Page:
Tag Archives: meteorologist Bob Rose

Coldest night of the fall

So far, anyhow, sez the LCRA’s Bob Rose. Hope this doesn’t mean another early winter, like last year:

"The National Weather Service has issued an [overnight]  Freeze Warning for Kimble and Sutton Counties [west of Fredericksburg] where the temperature is expected to fall to the upper 20s.  A Frost Advisory has been issued for Mason, San Saba and McCulloch Counties where the temperature will fall to the low to middle 30s.

Only mid-forties expected at the rancho. But that will be cool enough. Near seventy daytime, cooling for Halloween. The goblins will be wearing coats.

UPDATE: Nov. 18-19: It’s back in the low 40s at the rancho tonight, after dipping into the 30s last night. Result of the latest cold front to pass through. This time of year they are sporadic. Quickly warms back up, though. Please G-d, give us a normal winter for a change, when it doesn’t really stay cold for more than a day or two until January, and then only for about six weeks. Hope, hope.

Reprieve from brrr

Finally, it’s warming up again at the rancho after a seemingly endless period of thrity-degree days and nights. But meteorologist Bob Rose says we’re due for more blasts of arctic cold this weekend and next week. How long, as AGW’s critics like to say, does the climate have to cool before the warmists recognize that Al Gore’s warnings are lies? Not to mention the hitherto unremarked but probable climatic effects of the solar wind’s surprise assault.

More rain

May set records for wet. Looks like June will set a few records of its own. More from LCRA’s Bob Rose:

"Scattered showers and thunderstorms can be expected each day through the weekend, with the possibility for some locally heavy rain. With the ground wet from previous rains, flash flooding will be a possibility. Everyone should keep up with the latest weather developments."

I can see my trip on Monday to Yacht Harbor Marina for a rerigging of the sloop could turn out to be an adventure. 

Goodbye to storms

More clusters of severe thunderstorms moving in from the northwest, just like last evening. Bob Rose says we might as well enjoy the thunder and lightning, as these cells may be the last we see or a while:

"This may be the beginning of our typical summer weather pattern. If today’s long-range solutions are correct, today’s storm activity could be the last of the spring-like storms our region will see this month."

Memorial Day flood

No one who lived through it–including me–has forgotten the Austin flooding of May 24, 1981. Though there have been plenty of other floods since then, that remains the Memorial Day weekend biggie of memory. So, since intermittant heavy rains began yesterday, and are forecast to continue today and through the weekend, it’s natural to wonder if we’re about to have another one. Five people already have died from flooding northwest of Austin. It’s pretty normal to have rain on Memorial Day weekend, as LCRA meteorologist Bob Rose notes. But he also says the threat of flash flooding this weekend is real. Since more than an inch has already fallen in the Austin area–and a whopping 9 inches in parts of the Hill Country, where at least one person has drowned–we’re not taking this one lightly.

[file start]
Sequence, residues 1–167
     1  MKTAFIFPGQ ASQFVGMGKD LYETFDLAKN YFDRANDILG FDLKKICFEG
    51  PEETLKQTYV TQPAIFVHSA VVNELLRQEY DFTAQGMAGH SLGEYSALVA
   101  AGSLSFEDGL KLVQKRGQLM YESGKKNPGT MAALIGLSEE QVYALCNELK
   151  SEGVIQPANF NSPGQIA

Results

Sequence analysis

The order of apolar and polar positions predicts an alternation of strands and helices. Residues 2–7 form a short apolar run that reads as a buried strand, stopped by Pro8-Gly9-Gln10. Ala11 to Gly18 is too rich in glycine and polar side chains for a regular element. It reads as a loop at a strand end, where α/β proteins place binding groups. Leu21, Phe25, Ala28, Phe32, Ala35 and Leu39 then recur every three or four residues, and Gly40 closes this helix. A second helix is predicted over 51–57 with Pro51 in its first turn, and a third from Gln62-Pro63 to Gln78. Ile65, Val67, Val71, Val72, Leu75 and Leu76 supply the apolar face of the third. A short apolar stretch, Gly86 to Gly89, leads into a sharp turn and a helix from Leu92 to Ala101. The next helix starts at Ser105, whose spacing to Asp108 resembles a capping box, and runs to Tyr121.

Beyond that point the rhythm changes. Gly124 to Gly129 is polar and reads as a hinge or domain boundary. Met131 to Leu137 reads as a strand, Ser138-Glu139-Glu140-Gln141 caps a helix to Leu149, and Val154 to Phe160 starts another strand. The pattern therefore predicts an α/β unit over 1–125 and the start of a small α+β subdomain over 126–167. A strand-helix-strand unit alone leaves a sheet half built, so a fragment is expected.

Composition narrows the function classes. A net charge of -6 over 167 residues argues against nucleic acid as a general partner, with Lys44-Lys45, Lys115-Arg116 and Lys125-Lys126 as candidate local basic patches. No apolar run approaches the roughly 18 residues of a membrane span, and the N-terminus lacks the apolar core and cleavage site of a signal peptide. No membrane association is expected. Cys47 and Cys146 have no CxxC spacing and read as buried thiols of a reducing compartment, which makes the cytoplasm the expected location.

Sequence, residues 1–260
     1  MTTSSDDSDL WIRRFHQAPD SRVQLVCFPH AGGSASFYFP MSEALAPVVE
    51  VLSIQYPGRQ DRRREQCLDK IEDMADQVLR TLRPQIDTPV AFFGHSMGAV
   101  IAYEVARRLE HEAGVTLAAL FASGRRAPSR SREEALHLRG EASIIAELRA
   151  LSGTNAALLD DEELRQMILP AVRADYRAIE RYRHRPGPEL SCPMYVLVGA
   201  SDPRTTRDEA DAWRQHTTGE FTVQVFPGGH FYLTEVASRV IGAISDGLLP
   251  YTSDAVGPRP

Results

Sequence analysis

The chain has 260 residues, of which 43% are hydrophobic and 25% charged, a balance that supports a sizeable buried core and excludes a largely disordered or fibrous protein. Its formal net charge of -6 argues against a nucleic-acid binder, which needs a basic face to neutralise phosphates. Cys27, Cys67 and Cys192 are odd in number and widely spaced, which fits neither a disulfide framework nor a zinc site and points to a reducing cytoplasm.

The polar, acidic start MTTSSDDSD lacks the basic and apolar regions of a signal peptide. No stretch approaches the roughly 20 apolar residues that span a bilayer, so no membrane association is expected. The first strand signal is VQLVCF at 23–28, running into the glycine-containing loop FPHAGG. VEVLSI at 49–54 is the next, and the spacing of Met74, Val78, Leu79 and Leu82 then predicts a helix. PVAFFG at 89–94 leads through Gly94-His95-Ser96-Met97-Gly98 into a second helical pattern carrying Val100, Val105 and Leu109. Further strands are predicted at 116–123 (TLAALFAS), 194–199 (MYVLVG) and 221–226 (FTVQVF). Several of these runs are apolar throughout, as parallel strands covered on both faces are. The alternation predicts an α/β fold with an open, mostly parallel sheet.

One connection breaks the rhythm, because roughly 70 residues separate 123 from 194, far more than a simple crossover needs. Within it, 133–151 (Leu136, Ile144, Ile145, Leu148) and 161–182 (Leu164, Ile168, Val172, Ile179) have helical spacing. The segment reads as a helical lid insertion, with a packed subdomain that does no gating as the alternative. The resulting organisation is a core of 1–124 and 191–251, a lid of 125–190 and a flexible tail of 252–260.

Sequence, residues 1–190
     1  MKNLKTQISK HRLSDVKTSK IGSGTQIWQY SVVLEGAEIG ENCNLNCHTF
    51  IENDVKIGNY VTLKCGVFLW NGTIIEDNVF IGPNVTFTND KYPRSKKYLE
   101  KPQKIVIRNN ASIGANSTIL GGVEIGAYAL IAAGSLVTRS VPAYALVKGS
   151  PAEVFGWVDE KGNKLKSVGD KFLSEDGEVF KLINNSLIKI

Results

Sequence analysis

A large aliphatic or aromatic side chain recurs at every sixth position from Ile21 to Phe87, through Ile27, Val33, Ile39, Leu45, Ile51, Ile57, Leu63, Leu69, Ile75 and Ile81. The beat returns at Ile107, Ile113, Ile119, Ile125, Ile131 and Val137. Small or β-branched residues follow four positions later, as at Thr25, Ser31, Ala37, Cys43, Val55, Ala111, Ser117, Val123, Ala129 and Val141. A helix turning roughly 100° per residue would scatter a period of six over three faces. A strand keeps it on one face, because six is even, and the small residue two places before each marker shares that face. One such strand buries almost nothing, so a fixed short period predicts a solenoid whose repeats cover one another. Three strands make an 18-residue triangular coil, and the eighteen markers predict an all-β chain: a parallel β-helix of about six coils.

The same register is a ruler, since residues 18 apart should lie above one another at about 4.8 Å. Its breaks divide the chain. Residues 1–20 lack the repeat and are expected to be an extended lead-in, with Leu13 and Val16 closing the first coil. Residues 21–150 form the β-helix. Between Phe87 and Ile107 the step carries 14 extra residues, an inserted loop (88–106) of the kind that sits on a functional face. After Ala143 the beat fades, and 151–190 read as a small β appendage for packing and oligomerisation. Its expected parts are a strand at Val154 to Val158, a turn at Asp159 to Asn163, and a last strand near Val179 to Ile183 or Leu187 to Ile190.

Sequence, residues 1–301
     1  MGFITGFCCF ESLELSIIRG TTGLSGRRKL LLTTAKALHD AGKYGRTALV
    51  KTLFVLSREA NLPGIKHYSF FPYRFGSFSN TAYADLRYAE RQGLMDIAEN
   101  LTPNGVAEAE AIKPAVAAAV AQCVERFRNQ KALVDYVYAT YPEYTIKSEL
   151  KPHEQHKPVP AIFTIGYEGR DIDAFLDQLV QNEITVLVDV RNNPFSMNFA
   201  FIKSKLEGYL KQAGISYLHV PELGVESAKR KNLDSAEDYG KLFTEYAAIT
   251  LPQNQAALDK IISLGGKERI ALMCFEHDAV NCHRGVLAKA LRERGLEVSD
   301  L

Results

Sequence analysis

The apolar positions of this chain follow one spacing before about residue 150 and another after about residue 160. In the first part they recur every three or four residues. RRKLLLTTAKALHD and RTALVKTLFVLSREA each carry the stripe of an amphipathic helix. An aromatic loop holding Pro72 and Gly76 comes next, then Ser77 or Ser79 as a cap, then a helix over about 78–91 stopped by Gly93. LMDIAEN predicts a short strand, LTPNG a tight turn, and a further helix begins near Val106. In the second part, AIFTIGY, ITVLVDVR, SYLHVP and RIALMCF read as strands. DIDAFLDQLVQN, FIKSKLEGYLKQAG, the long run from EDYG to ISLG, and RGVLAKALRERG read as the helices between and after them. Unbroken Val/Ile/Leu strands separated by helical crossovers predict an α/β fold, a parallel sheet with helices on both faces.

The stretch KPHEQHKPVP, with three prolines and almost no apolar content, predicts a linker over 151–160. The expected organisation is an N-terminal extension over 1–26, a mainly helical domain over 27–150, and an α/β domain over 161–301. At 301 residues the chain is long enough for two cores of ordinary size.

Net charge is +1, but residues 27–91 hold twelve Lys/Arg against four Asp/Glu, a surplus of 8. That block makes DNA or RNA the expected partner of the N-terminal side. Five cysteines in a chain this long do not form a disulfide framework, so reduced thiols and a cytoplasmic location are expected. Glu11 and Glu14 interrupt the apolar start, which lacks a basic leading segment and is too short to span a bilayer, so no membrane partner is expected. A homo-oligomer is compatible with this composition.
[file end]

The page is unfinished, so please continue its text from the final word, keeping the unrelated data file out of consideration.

Another tornado watch

This time until 1 a.m. Radar shows big line of super cells moving in from the west, but slow enough that they may not arrive shortly before midnight.LCRA meteorologist Bob Rose concludes:

"A Flash Flood watch has been posted for the Hill Country and Central Texas regions through Thursday morning. Rain amounts between now and midday Thursday should average between 1 and 2 inches, with isolated totals of 3 to 4 inches possible. Since the ground is still wet from recent rains, the potential for flash flooding is high."

Looking for a flood

Area meteorologists aren’t enthusiastic about the prospects of a rainy spring, as El Nino bows out and La Nina walks downstage. Bob Rose certainly sees no more than light showers late tomorrow:

"While this is typically a fairly dry time of the year, the overall pattern seems to have shifted back toward dry after a period of rain in January.  With most storm systems being too weak or tracking too far to the north, I’m not confident we’ll see a wet period return anytime soon."

So, even though the marina wants a new annual contract, the boat remains practically inaccessible on vanishing Lake Travis. That’s Texas, long periods of drought broken by intense flooding. I’m ready.